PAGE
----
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The knee is the large lower extremity joint connecting the femur and the tibia. The knee supports nearly the entire weight of the body and is vulnerable to both acute injury and the development of osteoarthritis.

Anatomy and structure of the knee

The knee is a complex synovial joint that hovers and actually is comprised of two separate joints. The femoral-patellar joint consists of the patella, or "kneecap," which sits within the tendon of the anterior thigh muscle and the patellar groove on the front of the femur through which it slides.

On the other hand, the femoral-tibial joint links the femur, or thigh bone, with the tibia, the main bone of the lower leg. The joint consists of a viscous fluid which is contained inside the "synovial" membrane, or joint capsule. Behind the knee is called the popliteal fossa.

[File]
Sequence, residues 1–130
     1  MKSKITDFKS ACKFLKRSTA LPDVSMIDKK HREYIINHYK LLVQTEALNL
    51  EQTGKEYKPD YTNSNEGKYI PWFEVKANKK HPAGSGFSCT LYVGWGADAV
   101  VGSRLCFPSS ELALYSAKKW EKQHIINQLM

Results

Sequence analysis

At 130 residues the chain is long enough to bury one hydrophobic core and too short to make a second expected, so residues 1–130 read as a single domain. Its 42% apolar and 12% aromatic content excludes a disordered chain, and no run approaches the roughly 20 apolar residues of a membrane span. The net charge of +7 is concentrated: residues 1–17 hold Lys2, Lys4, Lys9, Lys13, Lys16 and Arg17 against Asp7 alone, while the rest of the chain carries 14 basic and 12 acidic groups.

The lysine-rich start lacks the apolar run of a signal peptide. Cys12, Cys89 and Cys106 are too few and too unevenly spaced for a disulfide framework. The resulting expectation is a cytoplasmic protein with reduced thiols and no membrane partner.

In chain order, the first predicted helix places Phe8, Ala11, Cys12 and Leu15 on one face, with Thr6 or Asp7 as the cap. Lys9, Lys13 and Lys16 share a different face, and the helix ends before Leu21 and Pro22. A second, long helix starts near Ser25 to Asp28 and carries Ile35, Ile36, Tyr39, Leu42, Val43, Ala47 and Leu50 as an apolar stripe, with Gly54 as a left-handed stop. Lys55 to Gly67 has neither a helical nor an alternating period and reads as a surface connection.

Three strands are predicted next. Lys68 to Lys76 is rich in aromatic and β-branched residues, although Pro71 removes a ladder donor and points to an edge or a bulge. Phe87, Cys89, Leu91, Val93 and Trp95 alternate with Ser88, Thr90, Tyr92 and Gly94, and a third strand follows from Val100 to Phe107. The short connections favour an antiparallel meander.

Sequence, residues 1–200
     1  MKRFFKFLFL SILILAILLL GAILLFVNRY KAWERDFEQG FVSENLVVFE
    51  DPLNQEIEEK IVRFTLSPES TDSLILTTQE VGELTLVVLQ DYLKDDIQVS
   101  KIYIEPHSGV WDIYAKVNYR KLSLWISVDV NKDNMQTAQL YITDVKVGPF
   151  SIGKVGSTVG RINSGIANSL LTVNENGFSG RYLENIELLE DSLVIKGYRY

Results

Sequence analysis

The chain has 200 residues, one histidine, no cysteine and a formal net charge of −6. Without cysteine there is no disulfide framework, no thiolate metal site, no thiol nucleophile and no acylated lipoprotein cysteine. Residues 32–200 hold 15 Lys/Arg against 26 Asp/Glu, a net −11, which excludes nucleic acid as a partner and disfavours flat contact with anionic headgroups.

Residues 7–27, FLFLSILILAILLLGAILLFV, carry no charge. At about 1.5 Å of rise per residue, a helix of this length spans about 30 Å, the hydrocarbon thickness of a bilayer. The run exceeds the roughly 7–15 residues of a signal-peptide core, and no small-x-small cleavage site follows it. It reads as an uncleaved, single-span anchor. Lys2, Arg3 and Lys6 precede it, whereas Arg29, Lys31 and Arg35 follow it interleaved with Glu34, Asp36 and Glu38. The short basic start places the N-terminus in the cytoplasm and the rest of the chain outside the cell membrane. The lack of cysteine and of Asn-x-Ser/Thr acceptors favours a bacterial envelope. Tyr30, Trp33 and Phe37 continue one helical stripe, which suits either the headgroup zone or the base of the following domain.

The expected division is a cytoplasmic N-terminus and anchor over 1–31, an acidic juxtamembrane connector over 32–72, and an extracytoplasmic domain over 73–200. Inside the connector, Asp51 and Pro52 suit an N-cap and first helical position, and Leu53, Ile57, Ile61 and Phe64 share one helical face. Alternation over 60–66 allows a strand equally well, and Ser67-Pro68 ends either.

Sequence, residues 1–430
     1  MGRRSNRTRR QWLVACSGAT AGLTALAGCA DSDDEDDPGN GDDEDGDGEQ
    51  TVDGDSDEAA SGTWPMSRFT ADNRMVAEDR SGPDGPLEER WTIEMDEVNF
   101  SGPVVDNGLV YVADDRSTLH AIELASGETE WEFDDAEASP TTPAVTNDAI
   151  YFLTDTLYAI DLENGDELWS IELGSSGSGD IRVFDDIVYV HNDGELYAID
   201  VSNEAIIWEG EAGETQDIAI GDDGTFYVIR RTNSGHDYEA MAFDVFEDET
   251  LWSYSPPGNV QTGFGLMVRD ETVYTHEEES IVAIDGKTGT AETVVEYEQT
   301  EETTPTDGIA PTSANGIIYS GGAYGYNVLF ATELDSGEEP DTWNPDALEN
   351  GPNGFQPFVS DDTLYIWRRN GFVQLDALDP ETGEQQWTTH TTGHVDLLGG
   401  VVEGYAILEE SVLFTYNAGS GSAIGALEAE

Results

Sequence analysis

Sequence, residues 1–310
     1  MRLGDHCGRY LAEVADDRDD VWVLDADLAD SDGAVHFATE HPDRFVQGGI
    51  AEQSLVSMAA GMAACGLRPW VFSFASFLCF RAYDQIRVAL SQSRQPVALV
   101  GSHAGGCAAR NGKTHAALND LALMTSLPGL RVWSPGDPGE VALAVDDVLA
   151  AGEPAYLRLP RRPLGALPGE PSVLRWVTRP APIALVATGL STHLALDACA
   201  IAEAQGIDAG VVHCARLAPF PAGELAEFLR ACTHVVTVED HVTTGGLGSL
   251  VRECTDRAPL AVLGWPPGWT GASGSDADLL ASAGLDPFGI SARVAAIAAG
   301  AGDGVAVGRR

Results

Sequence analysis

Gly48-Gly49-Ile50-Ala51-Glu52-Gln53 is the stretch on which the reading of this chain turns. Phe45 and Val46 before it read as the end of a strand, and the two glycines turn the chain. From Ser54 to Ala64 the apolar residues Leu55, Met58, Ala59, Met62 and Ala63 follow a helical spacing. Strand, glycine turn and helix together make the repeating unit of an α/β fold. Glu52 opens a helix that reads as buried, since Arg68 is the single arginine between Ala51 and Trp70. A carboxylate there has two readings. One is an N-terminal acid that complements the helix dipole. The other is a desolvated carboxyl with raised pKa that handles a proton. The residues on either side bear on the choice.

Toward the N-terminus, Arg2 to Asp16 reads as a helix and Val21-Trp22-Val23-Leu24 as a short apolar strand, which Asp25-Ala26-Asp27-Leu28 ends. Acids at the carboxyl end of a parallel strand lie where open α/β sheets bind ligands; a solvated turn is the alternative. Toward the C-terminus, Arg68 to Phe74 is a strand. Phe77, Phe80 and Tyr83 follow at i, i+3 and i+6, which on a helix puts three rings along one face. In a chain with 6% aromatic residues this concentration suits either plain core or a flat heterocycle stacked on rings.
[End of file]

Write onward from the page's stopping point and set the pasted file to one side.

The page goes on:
Furthermore, the knee bones are connected to the leg muscles by several tendons that move the joint. Ligaments join the bones and provide stability to the knee. Some of the specific structures of the knee are as follows:

  • Femur: Thigh Bone

  • Tibia: Shin Bone (Main lower leg bone)

  • Fibula: Calf bone

  • Patella: Knee Cap

  • Anterior Cruciate Ligament: Prevents the femur from sliding back on the tibia and vice versa - the tibia sliding forward on the femur.

  • Posterior Cruciate Ligament: Prevents the femur from sliding forward on the tibia and the tibia from sliding backward on the femur.

  • Medial and Lateral Collateral Ligaments: Prevent the femur from moving from side to side.

  • Medial and Lateral Menisci: Two C-shaped pieces of cartilage that act as shock absorbers between the femur and tibia.

  • Bursae: Fluid-filled sacs that make the knee move smoothly.